Finally, even if the delegation clause covered Jones' claims, the delegation clause itself is also unconscionable, and therefore, unenforceable, because it is buried within the unconscionable Retail Installment Contract.
A presumption exists that any silence or ambiguity concerning the scope of arbitrability should be resolved in favor of arbitration. State ex rel. Pinkerton v. Fahnestock, 531 S.W.3d 36, 43 (Mo. banc 2017) (citing Mitsubishi Motors Corp. v. Soler Chrysler–Plymouth, Inc., 473 U.S. 614, 626, 105 S.Ct. 3346, 87 L.Ed.2d 444 (1985)). “This presumption of arbitrability, however, is reversed when considering whether a court or an arbitrator should decide threshold questions of arbitrability.” Id. (citing First Options of Chi., Inc. v. Kaplan, 514 U.S. 938, 944-45, 115 S.Ct. 1920, 131 L.Ed.2d 985 (1995)). “Disputes about arbitrability include those ‘questions such as whether the parties are bound by a given arbitration clause, or whether an arbitration clause in a concededly binding contract applies to a particular type of controversy.’ ” Id. (quoting BG Grp. PLC v. Republic of Arg., –––U.S. ––––, 134 S.Ct. 1198, 1206, 188 L.Ed.2d 220 (2014)). “Disputes over the formation of the parties' arbitration agreement and its enforceability or applicability to the dispute at issue have been considered threshold issues of arbitrability.” Id. If the agreement is silent or ambiguous, courts should not find that the parties agreed to delegate threshold questions of arbitrability absent clear and unmistakable evidence of such an intent. Id.
“[B]oth issues of formation and enforceability of arbitration clauses can be delegated to an arbitrator” if the delegation clause so provides. Id. at 49. In Baker v. Bristol Care, Inc., 450 S.W.3d 770, 774 (Mo. banc 2014), the Missouri Supreme Court held a delegation provision that provided the “arbitrator [would] resolve disputes ‘relating to the applicability or enforceability’ of the agreement” did not delegate issues of contract formation to the arbitrator. “Baker, however, does not state that issues related to contract formation can never be delegated to an arbitrator but only that the delegation provision at issue in Baker was limited to issues of ‘applicability’ or ‘enforceability.’ ” Pinkerton, 531 S.W.3d at 50. The delegation provision in Pinkerton was broader than the provision in Baker. Id. It delegated to the arbitrator “the power to rule on his or her own jurisdiction, including any objections with respect to the existence, scope, or validity of the arbitration agreement or to the arbitrability of any claim or counterclaim.” Id. The Missouri Supreme Court held that the “arbitration agreement clearly and unmistakably evidences the parties' intent to delegate threshold issues of arbitrability to the arbitrator.” Id. at 53.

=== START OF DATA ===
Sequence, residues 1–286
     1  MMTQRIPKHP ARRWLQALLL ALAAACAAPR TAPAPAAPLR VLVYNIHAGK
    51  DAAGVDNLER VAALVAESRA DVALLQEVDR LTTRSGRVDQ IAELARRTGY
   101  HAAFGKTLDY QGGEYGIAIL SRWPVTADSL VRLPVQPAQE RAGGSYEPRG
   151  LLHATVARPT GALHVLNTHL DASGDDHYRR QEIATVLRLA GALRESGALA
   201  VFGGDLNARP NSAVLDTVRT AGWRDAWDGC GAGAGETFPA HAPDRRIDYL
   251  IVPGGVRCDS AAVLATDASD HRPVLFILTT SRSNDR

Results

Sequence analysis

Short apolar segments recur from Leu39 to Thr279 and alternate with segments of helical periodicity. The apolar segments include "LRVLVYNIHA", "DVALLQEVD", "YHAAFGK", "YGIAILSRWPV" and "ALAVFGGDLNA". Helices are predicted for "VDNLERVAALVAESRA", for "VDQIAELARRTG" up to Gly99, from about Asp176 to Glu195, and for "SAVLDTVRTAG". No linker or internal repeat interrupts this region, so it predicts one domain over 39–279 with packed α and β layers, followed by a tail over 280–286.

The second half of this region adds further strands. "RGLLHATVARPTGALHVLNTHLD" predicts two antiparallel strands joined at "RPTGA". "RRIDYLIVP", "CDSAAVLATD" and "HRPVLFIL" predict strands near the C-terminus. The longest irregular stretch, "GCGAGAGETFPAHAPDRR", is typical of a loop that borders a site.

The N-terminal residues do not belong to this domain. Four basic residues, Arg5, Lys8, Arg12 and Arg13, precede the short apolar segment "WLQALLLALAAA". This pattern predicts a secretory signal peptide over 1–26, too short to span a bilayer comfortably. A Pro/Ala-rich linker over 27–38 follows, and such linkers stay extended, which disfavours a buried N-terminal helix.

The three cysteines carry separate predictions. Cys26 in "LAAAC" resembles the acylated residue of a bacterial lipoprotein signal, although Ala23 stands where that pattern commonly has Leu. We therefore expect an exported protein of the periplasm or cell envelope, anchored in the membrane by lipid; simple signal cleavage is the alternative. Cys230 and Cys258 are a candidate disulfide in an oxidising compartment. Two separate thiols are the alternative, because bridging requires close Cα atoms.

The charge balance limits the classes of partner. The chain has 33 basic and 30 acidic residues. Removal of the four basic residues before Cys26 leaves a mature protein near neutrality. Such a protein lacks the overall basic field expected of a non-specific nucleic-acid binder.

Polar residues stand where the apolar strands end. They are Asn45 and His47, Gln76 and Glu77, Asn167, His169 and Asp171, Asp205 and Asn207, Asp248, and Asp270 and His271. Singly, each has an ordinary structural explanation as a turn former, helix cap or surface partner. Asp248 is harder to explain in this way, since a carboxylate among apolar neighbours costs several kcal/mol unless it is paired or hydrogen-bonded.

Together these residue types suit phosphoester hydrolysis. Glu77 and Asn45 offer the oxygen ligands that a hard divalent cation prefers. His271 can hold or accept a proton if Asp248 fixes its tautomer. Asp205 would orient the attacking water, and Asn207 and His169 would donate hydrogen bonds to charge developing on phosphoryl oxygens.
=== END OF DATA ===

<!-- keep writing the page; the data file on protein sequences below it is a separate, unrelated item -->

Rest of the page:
The arbitration clause at issue in Pinkerton stated that the arbitrator had the power to “rule on his or her own jurisdiction, including any objections with respect to the existence, scope, or validity of the arbitration agreement or to the arbitrability of any claim or counterclaim.” Id. at 50 (emphasis added). The arbitration in Jones contract provides the arbitrator has the power to decide “[c]laims regarding the interpretation, scope, or validity of this provision, or arbitrability of any issue.” (emphasis added) As in Pinkerton, this is much broader than “applicability” or “enforceability.”
The trial court in this case focused on unconscionability as a formation issue and found that the parties did not agree to delegate formation issues. Unconscionability is an issue that pertains to “a contract's validity and enforceability.” Id. at 49. It is a “mischaracterization” to identify “the issue of unconscionability as a formation issue rather than [an] enforceability [issue].” Id. As in Pinkerton, claims of unconscionability in this case have been delegated to the arbitrator.